Once added to the blockchain, the individual who’s cryptocurrency wallet address is associated with the transaction amount will receive the cryptocurrencies and is free to spend it!

Steps explaining how cryptocurrency wallets like a bitcoin wallet's transactions work
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Though the basis of executing transactions are essentially the same across cryptocurrency wallet platforms, the wallet you hold on your mobile compared to the one on your desktop are not all the same! There are a few types of wallets that exist today.

So, what are the different types of cryptocurrency wallets?

Desktop Wallets 

As the name suggests, a desktop wallet is a software that can be downloaded onto your desktop and execute locally on your computer. These wallets act as an address for the wallet owner to send and receive digital coins. These types of wallets also give you full control over your keys and allow you to store your private key as well. Some examples of desktop wallets are, Electrum and Armory.

Mobile Wallets 

Though quite similar to their desktop counterparts, these wallets are built primarily for an alternative utility. These wallets are stored on your mobile as an application and allow you to transact through a ‘ touch-to-pay’ mechanism made possible through near field communication (NFC) by scanning a QR code. These wallets allow for daily and more frequent transactions. Trust Wallet is a good example for a mobile wallet.

Web Wallets 

Web wallets offer the convenience of accessing your wallet from anywhere through a web browser or mobile device, without the need to install anything. However, this could be dangerous in some cases, as certain providers store and manage your key online on your behalf. Coinbase and Blockchain are some popular web wallet providers.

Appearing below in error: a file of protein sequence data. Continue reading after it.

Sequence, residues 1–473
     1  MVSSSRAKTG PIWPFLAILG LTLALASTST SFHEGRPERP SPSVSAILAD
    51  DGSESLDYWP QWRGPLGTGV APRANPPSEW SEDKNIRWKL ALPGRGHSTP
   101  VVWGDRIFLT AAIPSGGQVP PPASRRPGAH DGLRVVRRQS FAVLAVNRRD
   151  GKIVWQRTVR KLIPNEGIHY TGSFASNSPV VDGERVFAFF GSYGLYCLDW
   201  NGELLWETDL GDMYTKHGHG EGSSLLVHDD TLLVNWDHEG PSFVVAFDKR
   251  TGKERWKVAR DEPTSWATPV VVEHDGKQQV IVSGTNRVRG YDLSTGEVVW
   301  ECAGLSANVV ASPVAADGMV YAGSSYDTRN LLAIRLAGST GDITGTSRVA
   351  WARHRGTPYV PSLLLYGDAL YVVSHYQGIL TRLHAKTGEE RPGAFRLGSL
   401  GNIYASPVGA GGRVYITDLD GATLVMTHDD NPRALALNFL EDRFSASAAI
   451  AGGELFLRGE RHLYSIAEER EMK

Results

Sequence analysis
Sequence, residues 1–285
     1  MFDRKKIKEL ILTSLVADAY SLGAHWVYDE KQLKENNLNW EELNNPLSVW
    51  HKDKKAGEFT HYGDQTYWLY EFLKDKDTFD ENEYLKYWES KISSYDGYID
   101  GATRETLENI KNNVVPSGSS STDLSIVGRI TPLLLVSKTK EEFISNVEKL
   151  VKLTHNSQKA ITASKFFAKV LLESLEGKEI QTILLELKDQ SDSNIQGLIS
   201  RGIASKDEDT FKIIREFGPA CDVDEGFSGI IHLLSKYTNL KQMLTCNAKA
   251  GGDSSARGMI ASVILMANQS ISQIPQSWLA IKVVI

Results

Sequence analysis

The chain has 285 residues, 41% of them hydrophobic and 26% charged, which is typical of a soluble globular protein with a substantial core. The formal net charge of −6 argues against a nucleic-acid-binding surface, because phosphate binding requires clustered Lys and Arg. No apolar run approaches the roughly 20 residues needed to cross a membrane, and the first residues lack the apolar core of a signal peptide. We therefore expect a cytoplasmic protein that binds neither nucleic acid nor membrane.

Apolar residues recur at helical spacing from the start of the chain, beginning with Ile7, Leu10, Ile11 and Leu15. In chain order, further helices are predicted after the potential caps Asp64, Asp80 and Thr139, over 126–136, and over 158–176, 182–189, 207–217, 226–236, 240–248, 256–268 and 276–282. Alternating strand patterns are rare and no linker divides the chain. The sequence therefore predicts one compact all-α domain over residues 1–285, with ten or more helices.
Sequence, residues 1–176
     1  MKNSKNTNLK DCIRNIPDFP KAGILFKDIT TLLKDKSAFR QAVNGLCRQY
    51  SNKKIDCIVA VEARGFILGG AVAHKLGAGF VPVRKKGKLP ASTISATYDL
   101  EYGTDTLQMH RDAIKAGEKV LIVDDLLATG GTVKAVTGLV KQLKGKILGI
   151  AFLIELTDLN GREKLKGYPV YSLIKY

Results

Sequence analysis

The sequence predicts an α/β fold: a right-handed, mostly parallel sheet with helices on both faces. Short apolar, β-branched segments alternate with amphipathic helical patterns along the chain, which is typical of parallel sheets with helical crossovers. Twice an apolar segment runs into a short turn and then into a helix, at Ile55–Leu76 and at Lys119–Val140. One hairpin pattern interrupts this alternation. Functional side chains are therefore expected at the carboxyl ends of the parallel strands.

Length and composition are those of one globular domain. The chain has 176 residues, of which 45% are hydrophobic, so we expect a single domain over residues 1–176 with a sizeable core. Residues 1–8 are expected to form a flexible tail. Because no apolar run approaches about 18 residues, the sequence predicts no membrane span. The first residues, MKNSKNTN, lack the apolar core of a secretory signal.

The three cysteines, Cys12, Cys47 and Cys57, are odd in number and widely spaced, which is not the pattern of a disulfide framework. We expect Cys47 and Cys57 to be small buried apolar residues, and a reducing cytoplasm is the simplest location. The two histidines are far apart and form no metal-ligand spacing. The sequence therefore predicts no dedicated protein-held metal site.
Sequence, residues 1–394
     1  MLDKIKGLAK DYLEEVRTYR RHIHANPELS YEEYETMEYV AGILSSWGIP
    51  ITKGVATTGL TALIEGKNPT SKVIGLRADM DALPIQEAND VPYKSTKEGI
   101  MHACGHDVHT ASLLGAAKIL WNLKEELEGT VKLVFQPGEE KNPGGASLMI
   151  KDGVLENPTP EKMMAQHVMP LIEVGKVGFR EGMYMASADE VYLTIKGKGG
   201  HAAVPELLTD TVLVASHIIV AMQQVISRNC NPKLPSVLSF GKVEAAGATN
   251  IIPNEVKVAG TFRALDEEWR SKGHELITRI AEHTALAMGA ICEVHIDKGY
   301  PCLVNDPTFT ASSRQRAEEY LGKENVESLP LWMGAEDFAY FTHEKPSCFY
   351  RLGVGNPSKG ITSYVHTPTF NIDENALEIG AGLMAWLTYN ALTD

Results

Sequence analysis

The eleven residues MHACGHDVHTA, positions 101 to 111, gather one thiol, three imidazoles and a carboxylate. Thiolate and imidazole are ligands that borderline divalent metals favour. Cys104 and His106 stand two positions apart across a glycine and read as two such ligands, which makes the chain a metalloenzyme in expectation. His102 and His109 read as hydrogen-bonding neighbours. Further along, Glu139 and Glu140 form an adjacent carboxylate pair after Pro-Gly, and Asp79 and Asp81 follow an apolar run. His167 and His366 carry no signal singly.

Hardware Wallets 

Hardware wallets are physical wallets that are considered to be the safest alternative to range digital wallets. Though it could be argued that they are relatively less user friendly, they do offer the benefit of being practically immune to virus attacks! These devices can be plugged into your computer device like a USB and have keys stored within themselves. However, these wallets are the only ones that are not free of cost and could range from $100 to $200.

Today crypto wallets go well beyond staching your cryptocurrencies. Its growing momentum in the ecosystem could lead it to end up being nearly as predominant as the browser is to the web. Financial institutions like MasterCard and Bank of America are capitalising on the rampant growth of these currencies to introduce crypto wallets of their own. In today’s digital era, it is impossible to escape the fact that all these trends beckon us to a single unspoken truth – cryptocurrencies are here to stay if not change the payments landscape forever.